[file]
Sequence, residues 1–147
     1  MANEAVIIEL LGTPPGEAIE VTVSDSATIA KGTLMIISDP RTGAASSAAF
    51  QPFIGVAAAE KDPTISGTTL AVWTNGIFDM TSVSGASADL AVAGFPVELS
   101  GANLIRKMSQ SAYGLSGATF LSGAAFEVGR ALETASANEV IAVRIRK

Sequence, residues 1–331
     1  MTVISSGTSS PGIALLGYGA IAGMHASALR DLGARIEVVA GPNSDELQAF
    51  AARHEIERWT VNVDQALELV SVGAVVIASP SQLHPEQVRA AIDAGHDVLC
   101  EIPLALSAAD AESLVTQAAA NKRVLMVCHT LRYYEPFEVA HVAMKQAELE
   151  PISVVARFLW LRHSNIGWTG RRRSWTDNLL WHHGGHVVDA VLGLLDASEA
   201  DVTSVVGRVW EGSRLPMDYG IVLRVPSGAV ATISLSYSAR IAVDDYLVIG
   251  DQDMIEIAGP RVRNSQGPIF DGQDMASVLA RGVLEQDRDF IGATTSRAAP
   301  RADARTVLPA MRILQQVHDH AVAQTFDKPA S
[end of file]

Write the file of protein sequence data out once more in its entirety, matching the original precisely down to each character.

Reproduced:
Sequence, residues 1–147
     1  MANEAVIIEL LGTPPGEAIE VTVSDSATIA KGTLMIISDP RTGAASSAAF
    51  QPFIGVAAAE KDPTISGTTL AVWTNGIFDM TSVSGASADL AVAGFPVELS
   101  GANLIRKMSQ SAYGLSGATF LSGAAFEVGR ALETASANEV IAVRIRK

Sequence, residues 1–331
     1  MTVISSGTSS PGIALLGYGA IAGMHASALR DLGARIEVVA GPNSDELQAF
    51  AARHEIERWT VNVDQALELV SVGAVVIASP SQLHPEQVRA AIDAGHDVLC
   101  EIPLALSAAD AESLVTQAAA NKRVLMVCHT LRYYEPFEVA HVAMKQAELE
   151  PISVVARFLW LRHSNIGWTG RRRSWTDNLL WHHGGHVVDA VLGLLDASEA
   201  DVTSVVGRVW EGSRLPMDYG IVLRVPSGAV ATISLSYSAR IAVDDYLVIG
   251  DQDMIEIAGP RVRNSQGPIF DGQDMASVLA RGVLEQDRDF IGATTSRAAP
   301  RADARTVLPA MRILQQVHDH AVAQTFDKPA S